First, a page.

Scotty, We Need More Bandwidth!

A slew of news out this morning — ranging from AT&T’s $1 billion expansion of its network to Cisco’s update of its unified computing system — highlights the continued need to invest in networking. We’re piling on compute power and boosting storage at a much faster pace than our networking infrastructure can handle — both inside the data center (GigaOM Pro sub req’d) and on the long haul networks running between (GigaOM Pro sub req’d)  them. There isn’t really a Moore’s law that pertains to networking.

Which is why in some cases, it’s just a matter of plunking down more cash to add gear and perhaps undersea capacity, as AT&T said it plans to do for business networks. Cisco is taking a doubled-side approach to the networking bottleneck by providing servers that can deliver faster and easier networking inside virtualized data centers with an upgrade to its unified computing system, as well as building routers for long haul and edge networks that can handle a whole lotta terabytes. Last month Marvell upped the data center networking ante by announcing 40 gigabit Ethernet chips for when 10 won’t do.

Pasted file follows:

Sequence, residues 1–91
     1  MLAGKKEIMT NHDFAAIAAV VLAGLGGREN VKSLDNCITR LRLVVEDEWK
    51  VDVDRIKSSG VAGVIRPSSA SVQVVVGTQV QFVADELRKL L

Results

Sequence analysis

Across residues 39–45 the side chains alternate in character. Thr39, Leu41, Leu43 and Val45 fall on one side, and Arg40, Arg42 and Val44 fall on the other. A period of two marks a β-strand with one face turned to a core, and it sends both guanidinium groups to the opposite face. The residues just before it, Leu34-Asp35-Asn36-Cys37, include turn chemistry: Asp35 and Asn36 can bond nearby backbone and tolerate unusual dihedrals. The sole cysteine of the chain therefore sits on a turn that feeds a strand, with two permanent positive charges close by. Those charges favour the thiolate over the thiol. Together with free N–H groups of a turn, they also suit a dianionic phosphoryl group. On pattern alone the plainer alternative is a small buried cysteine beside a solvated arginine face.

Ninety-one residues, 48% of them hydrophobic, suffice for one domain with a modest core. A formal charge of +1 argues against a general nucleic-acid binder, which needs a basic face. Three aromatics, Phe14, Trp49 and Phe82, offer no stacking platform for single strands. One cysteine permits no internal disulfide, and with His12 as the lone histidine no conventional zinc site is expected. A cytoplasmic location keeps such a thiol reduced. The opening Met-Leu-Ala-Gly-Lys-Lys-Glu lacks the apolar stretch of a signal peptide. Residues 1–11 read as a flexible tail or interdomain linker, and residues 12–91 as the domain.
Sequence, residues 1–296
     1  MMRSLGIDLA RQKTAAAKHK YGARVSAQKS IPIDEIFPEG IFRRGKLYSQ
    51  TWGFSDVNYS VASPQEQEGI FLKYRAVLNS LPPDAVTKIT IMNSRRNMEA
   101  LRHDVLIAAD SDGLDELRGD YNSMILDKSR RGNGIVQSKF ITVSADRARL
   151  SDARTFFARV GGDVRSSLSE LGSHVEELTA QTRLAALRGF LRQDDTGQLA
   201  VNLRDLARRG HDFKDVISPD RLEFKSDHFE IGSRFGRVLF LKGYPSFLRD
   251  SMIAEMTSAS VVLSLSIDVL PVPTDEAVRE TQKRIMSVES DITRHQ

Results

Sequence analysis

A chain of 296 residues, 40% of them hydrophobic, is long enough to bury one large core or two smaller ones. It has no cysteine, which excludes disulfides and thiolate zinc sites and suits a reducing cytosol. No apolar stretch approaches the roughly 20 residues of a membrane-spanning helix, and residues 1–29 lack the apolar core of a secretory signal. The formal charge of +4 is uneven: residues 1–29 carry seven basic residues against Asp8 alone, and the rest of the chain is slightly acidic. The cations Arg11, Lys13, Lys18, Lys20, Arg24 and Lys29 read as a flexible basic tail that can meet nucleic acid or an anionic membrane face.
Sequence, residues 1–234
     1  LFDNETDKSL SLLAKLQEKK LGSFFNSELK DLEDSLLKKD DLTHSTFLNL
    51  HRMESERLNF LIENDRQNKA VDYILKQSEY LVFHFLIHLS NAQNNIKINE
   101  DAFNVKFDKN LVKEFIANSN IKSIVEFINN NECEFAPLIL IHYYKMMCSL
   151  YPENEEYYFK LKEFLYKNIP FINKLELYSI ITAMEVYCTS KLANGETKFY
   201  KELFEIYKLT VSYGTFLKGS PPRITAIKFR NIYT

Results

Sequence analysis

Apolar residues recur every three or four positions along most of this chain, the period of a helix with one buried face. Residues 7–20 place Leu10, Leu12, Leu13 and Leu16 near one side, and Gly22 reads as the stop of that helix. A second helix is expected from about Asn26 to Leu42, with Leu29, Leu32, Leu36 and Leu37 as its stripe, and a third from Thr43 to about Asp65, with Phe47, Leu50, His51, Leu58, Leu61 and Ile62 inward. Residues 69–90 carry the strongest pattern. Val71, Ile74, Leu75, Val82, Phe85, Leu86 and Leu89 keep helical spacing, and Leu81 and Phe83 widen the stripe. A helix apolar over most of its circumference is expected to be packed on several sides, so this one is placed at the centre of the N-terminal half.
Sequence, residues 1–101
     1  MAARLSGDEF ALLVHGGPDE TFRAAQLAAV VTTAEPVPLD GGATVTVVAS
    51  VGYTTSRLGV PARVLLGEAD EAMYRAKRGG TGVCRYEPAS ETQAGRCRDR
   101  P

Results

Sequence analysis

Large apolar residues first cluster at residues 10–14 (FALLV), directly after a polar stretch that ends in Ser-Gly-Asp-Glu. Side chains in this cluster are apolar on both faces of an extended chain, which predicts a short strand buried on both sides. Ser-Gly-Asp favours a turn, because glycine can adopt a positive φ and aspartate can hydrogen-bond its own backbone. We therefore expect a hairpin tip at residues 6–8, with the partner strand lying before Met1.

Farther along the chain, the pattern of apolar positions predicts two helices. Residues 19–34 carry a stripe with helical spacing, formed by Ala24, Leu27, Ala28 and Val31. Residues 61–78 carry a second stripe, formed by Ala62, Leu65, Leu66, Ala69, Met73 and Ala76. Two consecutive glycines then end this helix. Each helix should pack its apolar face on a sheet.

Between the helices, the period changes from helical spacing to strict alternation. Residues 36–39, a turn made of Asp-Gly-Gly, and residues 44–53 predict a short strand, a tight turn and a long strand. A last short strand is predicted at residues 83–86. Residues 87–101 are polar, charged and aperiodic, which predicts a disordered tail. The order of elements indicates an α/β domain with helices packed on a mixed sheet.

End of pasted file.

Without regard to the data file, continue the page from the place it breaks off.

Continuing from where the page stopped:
And back to the long haul networks, Cisco sold its massive ASR-9000 core network router to NTT Communications Corp. last week,and today, EETimes quotes NTT CTO Doug Junkins as explaining why isn’t pleased by the higher prices for advanced networking gear (the optics components are 10-30 times more expensive than for 10 GigE gear), but is ready to take the plunge because of customer demand:

“We are a wholesale IP transit provider, and our highest growth is in 10G Ethernet ports for new customers,” said Junkins who is also vice president of IP development for NTT Communications’ business network unit. “We have customers today bundling more than ten 10G Ethernets from our backbone to their net, so the day 100G Ethernet is available, we will start provisioning for it,” he said.

It’s not just consumers downloading video or the love of smartphones that’s causing bandwidth demand to skyrocket, but the need for access to software, platforms and infrastructure as a service by businesses and our increasing reliance on the network for improving productivity and seeding innovation.

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